Using a rich dataset on the presence of Italian banks abroad, our paper examines which bank and market characteristics can affect banking internationalization, so as to identify changes in the driving forces of bank expansion in foreign markets. In our analysis a particular attention is devoted to investigate whether organizational choices and geography of international banking are correlated with both bilateral trade and outward financial direct investments, in order to verify the relevance of the “follow the customer” hypothesis. We are also able to examine the effect of the “persistence” in the bank’s behaviour, due to the high incidence of sunk costs in international activities. The main empirical evidence shows that the closeness to the client positively influences the probability of remaining in foreign markets, especially when banks operate abroad through representative offices and branches. Furthermore, geography and organizational forms of the expansion seem to be strongly conditioned by sunk costs, that are severe barriers to leave foreign markets in the short term, even if not always profitable or less suitable to support customers abroad. Therefore, sunk costs of international expansion, mainly for the more complex organizational forms such as subsidiaries, could explain the low correlation between banking internationalization and relocation of firms.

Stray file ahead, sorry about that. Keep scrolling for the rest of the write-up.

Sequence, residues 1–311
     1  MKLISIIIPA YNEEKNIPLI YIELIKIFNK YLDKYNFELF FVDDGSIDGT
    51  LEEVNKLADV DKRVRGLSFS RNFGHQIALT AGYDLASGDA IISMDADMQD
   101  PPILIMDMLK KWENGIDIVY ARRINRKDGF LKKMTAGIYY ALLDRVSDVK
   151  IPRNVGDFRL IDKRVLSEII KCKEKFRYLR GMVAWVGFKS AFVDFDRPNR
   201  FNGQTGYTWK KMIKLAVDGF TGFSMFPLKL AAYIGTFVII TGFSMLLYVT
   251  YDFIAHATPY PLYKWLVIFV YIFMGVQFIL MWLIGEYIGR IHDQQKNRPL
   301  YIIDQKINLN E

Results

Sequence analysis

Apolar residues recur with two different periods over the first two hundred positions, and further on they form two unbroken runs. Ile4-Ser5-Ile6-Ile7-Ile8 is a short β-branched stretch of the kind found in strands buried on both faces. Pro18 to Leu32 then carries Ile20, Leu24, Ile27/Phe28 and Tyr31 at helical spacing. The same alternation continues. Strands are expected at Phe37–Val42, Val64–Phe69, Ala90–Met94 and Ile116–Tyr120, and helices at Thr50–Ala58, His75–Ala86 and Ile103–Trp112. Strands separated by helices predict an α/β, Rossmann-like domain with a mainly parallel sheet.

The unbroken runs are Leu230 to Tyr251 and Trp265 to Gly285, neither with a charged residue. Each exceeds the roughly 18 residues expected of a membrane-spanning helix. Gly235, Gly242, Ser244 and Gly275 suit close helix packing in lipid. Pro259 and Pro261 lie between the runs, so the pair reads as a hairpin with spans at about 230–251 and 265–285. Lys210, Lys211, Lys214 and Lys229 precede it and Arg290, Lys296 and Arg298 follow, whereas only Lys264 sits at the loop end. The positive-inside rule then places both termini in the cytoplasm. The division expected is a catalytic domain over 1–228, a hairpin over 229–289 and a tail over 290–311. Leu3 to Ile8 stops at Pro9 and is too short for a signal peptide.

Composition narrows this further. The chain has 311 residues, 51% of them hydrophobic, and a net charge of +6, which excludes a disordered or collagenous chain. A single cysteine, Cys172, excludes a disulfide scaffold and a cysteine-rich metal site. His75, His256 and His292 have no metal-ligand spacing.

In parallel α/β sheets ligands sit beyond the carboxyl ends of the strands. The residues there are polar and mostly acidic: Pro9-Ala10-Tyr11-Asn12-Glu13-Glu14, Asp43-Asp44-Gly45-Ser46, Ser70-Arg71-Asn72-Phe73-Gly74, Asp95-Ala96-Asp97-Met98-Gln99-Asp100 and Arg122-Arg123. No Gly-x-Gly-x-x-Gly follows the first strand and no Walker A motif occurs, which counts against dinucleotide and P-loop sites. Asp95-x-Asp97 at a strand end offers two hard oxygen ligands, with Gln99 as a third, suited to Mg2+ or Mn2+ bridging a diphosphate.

Keywords: International banking, following customer strategy, sunk costs, organizational structure, host market features.